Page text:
Dr. Mildred Jefferson Pilot file photo/Gregory L. Tracy
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Diminutive, calm, measured, petite, quiet, unassuming -- all adjectives that have been used at one time or another to describe the stature and demeanor of the late Dr. Mildred Fay Jefferson. The first black woman to be graduated from Harvard Medical School, who was an unabashed champion of the Right to Life movement, died on Oct. 15 following a brief illness. She was 84
Giant, active, unreserved, outspoken, and direct -- are also adjectives that could be used to describe Dr. Jefferson's actions and activities on behalf of life -- especially the life of the unborn child.
The only child of Millard and Guthrie (Roberts) Jefferson, she was born in Pittsburg, Texas on April 4, 1926. She was raised in Carthage in the Lone Star State where her father served as a Methodist minister. She attended public schools in East Texas and was graduated from Texas College in Tyler earning her AB degree summa cum laude; before entering Harvard Medical School she earned an MS degree at Tufts University.
Her medical practice and career were both carried out in the Boston area as a general surgeon at BU Medical Center and subsequently as a professor at BU's Medical School.
Without fanfare and certainly not for the sake of fame, she took up the cause of the unborn and dramatically, ably, and with carefully crafted argument linked the anti-abortion movement to the abolitionist movement of the pre-Civil War United States.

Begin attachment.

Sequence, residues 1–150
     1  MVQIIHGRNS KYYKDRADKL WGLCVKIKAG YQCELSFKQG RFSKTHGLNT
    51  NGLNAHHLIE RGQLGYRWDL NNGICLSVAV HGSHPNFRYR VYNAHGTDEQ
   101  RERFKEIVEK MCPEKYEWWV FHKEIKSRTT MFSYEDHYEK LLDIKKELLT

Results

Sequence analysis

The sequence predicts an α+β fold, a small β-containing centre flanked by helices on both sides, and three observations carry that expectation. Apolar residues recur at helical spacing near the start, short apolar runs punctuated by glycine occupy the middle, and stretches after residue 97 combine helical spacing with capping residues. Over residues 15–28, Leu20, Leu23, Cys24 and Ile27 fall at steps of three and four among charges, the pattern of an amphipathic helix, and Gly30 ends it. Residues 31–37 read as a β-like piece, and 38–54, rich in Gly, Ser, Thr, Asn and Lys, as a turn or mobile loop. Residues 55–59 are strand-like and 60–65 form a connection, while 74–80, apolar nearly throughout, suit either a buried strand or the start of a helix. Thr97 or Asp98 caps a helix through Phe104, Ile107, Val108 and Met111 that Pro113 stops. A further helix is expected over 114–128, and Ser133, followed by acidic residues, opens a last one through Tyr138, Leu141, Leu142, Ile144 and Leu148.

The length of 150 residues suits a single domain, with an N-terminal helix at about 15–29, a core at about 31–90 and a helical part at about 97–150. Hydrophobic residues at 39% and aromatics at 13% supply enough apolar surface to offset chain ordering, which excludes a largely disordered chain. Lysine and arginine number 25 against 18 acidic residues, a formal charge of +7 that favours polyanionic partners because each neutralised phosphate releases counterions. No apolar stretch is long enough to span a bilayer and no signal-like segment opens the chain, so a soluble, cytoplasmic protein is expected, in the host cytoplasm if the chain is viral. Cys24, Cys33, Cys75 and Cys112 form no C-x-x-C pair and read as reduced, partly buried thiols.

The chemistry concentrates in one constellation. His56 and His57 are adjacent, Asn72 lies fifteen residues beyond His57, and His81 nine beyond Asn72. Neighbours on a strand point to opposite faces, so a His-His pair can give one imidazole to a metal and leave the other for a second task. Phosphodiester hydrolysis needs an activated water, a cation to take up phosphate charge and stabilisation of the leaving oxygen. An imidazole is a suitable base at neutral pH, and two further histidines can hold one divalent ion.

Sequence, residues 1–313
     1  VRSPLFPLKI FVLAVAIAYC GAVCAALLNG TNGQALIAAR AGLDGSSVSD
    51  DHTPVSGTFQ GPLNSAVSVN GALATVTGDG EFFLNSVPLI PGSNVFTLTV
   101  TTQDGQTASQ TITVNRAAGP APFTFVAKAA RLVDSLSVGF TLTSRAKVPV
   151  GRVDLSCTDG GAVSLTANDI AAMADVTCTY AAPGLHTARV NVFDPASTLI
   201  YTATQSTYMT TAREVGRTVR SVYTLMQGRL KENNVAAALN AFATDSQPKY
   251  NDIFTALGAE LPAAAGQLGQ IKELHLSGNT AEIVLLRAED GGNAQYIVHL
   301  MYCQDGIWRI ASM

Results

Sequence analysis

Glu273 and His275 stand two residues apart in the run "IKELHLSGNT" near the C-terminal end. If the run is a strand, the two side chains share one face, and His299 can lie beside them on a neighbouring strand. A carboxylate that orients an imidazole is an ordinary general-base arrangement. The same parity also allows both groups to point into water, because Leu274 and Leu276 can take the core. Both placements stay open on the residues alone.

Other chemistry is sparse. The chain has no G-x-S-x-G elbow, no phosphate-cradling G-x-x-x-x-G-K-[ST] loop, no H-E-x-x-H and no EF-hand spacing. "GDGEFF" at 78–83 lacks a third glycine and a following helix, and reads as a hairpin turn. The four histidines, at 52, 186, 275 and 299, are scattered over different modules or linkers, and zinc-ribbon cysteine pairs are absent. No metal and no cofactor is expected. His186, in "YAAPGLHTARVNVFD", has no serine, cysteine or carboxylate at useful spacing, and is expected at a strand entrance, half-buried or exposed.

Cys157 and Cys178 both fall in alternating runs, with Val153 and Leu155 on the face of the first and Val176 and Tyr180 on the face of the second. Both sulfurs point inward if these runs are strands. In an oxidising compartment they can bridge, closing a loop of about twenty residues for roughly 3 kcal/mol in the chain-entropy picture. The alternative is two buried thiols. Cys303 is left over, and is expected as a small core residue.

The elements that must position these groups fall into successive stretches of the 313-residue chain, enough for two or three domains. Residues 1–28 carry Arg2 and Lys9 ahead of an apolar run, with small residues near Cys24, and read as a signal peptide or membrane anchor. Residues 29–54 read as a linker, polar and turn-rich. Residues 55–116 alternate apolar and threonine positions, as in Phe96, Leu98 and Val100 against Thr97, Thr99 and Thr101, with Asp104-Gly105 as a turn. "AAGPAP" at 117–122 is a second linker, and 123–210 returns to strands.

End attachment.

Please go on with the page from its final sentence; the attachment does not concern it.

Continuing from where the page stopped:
A founder of the National Right to Life Movement, she served on more than 30 boards of Pro-Life committees around the country.
She loved to engage folks in dialogue and was an easily conversationalist, interested and interesting in topics beyond her adopted cause. Eminently at home in varied religious groups she moved "ecumenically" and "inter-religiously" as well as personally and professionally among and between people.
Seven years ago in a magazine interview she dramatically challenged American society "I am at once a physician, a citizen, and a woman, and I am not willing to stand aside and allow this concept of expendable human lives to turn this great land of ours into just another exclusive reservation where only the perfect, the privileged, and the planned have the right to live,'' she stated.
The Massachusetts State Council of the Knights of Columbus singled her out for her pro life work honoring her with its prestigious Lantern Award in 1979.
A Memorial Service will be announced at a later date for Dr. Jefferson. She had no immediate survivors.